Inflation is too much money chasing too few goods, and there’s a goldilocks level where just the right amount is needed for a growing economy. But when inflation spikes, investors, politicians, and most Americans that lived through the 1970s panic for good reason. It’s also when gold's most loyal admirers stand up and proclaim its mythical status to anyone who will listen.
That’s precisely what happened a year ago. The Federal Reserve had finally started to realize that inflation was not transitory, and “The Church of Gold” took center stage to proclaim the shiny metal’s omnipotence. Their sermon was simple. The last time inflation soared, gold rewarded its most faithful parishioners, and it was about to do it again.
Fast forward to today, and it doesn’t appear that gold has gained many more disciples. Despite the highest inflation since the 1970s, gold is down close to 8% this year1. Over the last six months, it’s down 14% for the longest losing streak in four years1. Those are big moves in an asset that’s supposed to be a haven.
True believers that have dug their heels in argue that younger generations lack perspective. They weren’t alive the last time gas lines and double-digit mortgages were the norm. They’re not aware that the four most dangerous words in investing are, “this time it’s different.”
But could it be different this time? Consider the following.
Gold is not a real investment because it produces no revenue, cash flow, or earnings. It doesn’t pay dividends or reinvest back into itself. It’s just an asset that’s price is purely based on the demand to own it and the supply available rather than the value it creates. It’s as arbitrary as the price for art, Faberge eggs, sneakers, or Pokémon cards.
If so, why would anyone be expected to run to gold today when it has no innate ability to protect against inflation? Doing so would just be a wager that other investors are going to think the same way, and that’s a risky bet today versus the 1970s.
Back then, it hadn’t been that long since gold was the standard for the U.S. dollar, and gold coins were more than just collectors’ items. Baby Boomers and the generations that preceded them grew up with gold as an integral part of their lives.
Today, gold has practically no utility outside of jewelry, and it’s been decades since anyone used it to pay for anything. Nobody alive other than Baby Boomers grew up with gold the same way.
I’d even wager that younger generations view gold as a nuisance more than a savior. It’s heavy, hard to transport, expensive to insure, and you need special tools to carve it up to pay for stuff. There’s also another “store of value” these days called bitcoin, and unlike gold, cryptocurrencies can be accessed on an iPhone.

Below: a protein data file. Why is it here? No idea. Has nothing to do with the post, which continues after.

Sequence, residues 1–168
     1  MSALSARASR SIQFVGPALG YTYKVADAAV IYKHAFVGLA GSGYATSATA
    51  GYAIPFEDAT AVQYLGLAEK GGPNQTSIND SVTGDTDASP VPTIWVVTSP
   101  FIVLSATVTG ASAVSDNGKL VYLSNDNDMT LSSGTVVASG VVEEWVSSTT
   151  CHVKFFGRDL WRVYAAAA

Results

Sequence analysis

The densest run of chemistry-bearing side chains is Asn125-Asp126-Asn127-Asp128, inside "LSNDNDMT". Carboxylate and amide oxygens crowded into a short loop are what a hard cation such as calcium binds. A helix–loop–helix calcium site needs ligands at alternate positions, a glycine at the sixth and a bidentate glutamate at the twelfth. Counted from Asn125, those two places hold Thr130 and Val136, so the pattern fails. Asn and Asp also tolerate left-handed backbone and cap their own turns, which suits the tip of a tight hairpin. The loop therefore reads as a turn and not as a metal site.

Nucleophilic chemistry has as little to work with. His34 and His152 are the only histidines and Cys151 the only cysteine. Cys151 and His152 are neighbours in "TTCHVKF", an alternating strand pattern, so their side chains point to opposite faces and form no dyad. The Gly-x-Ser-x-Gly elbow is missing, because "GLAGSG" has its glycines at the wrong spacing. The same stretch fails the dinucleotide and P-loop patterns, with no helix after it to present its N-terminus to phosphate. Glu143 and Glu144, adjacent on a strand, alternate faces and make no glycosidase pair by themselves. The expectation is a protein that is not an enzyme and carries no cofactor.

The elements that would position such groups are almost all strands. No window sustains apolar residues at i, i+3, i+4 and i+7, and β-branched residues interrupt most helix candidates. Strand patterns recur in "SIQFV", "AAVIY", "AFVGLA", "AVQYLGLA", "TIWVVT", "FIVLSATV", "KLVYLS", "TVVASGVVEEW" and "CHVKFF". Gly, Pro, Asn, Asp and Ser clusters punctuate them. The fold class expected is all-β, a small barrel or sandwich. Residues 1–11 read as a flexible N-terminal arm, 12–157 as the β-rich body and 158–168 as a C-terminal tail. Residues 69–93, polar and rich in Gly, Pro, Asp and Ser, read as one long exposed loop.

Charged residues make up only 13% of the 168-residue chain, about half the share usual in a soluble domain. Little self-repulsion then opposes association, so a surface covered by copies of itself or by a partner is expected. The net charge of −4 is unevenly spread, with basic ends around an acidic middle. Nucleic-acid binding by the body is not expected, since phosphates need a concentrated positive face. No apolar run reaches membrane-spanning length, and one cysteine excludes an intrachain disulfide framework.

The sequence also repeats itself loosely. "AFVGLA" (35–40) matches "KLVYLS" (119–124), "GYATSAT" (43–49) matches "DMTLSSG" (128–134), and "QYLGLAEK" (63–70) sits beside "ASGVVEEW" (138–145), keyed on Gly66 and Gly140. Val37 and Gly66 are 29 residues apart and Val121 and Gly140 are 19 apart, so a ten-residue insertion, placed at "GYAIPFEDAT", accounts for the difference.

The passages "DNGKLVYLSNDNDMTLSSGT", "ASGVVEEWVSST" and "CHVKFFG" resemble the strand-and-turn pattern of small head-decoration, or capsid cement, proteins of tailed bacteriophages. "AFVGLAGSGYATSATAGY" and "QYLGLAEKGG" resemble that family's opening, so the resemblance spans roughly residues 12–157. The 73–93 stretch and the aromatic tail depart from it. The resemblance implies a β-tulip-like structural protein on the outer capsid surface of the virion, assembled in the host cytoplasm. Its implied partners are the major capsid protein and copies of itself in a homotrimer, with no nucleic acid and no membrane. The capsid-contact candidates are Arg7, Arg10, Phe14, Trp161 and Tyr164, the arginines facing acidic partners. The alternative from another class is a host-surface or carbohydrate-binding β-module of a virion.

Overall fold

Simply put, the world has changed a lot since the 1970s, and along the way, it’s likely that the perceived value and utility of gold has diminished. If so, this time really could be different.
The bottom line
There’s little evidence to suggest that gold is an effective inflation hedge or a long-term wealth creator. Over the last 50 years, gold has been more volatile than the S&P 500 while returning only a fraction of the index’s total return1. More specific to years where inflation was high (exceeding 4%), the table below shows that stocks not only did better, but gold’s average real return was negative.
To be clear, I’m not saying that gold has an inverse or opposite relationship to inflation, but rather that there’s very little relationship at all. I’d wager the weakness in gold this year has more to do with the strength of the U.S. dollar than anything else. For example, the euro has fallen over 15% relative to the USD over the past year. That’s made buying gold way more expensive for Europeans because gold is priced in USD (just like oil, natural gas, and nearly every other commodity on the planet).
Furthermore, since gold does not pay any income, it’s likely being passed over for assets like U.S. Treasury bonds that now pay risk-free income at levels unseen in 15 years. It’s hard to compete with that.
But does this imply that gold is a bad investment? If it can’t hedge inflation properly or be used to buy stuff, should gold bugs become atheists and sell all their gold? Not necessarily.
We continue to own gold in many of our strategies because it has historically been a good diversifier to stocks and bonds. This year is a great example. Sure, gold is down almost 8%, but the S&P 500 and bond market are down 21% and 14% respectively. The trick is to not overdo it, and while every investor is different, it’s hard to think of a reason to exceed 10% of investible assets.
The bottom line is that gold may not shine like it used to, but it’s still a valuable component to a diversified portfolio. Just be sure to keep realistic expectations of what it can and cannot do.
1 Bloomberg. As of 9/21/2022
This material has been prepared for informational purposes only and should not be construed as a solicitation to effect, or attempt to effect, either transactions in securities or the rendering of personalized investment advice. This material is not intended to provide, and should not be relied on for tax, legal, investment, accounting, or other financial advice. You should consult your own tax, legal, financial, and accounting advisors before engaging in any transaction. Asset allocation and diversification do not guarantee a profit or protect against a loss. All references to potential future developments or outcomes are strictly the views and opinions of Richard W. Paul & Associates and in no way promise, guarantee, or seek to predict with any certainty what may or may not occur in various economies and investment markets. Past performance is not necessarily indicative of future performance.